- Easy setup process – even for one person
- On the heavy side
- Weatherproofing isn’t as good as other options (should purchase a footprint to go with the tent)
More Information About The Ikos TR2 Tent
Let’s take a closer look at a couple of this tent’s characteristics before we wrap up this Ikos TR2 Review.
Tension Ridge Design – what is it exactly?
Take a close look at the picture to the right. Notice the two distinct, black tent poles at the top of the Ikos that flare upward? That is Sea To Summit’s Tension Ridge and the source for the Ikos TR2 Tent’s superb interior living space.
Those poles’ noticeable upward flare raises the corresponding tent corners directly above the doors – which, in turn, has two benefits. First, they increase the overall door size, making it easier to get in and out of your tent. Second, they increase your overall headroom inside the tent itself. Where most tent ceilings have a distinct taper as you move toward the sides, the Ikos TR2 ceiling stays nice and tall, with near-vertical walls throughout the interior.
Together, these benefits vastly improve the Ikos TR2 Tent’s living area, giving you more space to move around and improved access through the doors. It’s these benefits that propel this tent to the front of the pack for folks who want a solid, liveable tent from which to base their adventures.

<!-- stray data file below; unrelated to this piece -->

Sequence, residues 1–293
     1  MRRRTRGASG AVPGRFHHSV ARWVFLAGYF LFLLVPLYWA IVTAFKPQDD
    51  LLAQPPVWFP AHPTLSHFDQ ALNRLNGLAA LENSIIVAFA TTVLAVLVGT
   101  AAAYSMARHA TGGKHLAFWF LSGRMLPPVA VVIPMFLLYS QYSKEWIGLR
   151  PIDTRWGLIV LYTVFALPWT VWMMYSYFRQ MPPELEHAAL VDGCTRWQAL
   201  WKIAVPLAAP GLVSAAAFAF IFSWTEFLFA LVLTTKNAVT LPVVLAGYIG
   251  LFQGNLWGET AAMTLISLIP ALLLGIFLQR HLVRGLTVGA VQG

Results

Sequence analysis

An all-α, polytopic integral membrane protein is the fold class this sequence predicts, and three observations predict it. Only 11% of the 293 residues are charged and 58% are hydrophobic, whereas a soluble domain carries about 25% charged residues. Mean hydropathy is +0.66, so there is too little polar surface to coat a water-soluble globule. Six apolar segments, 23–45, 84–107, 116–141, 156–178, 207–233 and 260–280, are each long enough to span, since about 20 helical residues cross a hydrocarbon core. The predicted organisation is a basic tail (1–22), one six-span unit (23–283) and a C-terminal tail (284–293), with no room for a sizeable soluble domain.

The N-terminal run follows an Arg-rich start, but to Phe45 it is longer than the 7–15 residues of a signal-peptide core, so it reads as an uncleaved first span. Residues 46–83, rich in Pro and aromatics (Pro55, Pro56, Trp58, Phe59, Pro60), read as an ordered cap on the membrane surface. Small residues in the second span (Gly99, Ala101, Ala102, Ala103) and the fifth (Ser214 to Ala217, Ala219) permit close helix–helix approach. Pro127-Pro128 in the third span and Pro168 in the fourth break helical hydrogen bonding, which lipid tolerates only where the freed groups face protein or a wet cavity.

My testing showed the Ikos TR2 to be a solid tent with a well-defined niche in the outdoor world where it will perform the best. Sea to Summit’s signature Tension Ridge design, which first made its debut in the Telos tent line, offers noticeably improved interior space and headroom. I was also pleased that this Tension Ridge poles design didn’t muddy the waters for setup, and setting up the Ikos TR2 Tent was straightforward and easy for one person to do alone. Additionally, I was very impressed with the quality materials used for the Ikos, and it never showed any signs of wear, even after a month of camping in the rocky Grand Canyon.
These extra features and durable materials add significant weight to the tent, however, and at over 5 lbs, this isn’t the lightest 2-person backpacking tent on the market at all. Add to this the fact that I encountered some water seepage through the floor during significant rain in the Grand Canyon while camping on soggy ground, and we can see that the Ikos has a clear lane for the outdoors. Namely, this tent is an ideal cross-over option between car-supported camping and basic backpacking. The Ikos TR2 can function superbly as a car camping base tent for your day hikes and adventures while also serving as a solid entry-level backpacking tent with excellent living space and comfort in the backcountry for those that don’t mind the extra weight. So if you dabble in both car camping and backpacking here and there, the Ikos may be an ideal tent for you. On the other hand, if you’re looking for a specialized, lightweight backpacking tent, maybe check out the Sea to Summit Telos.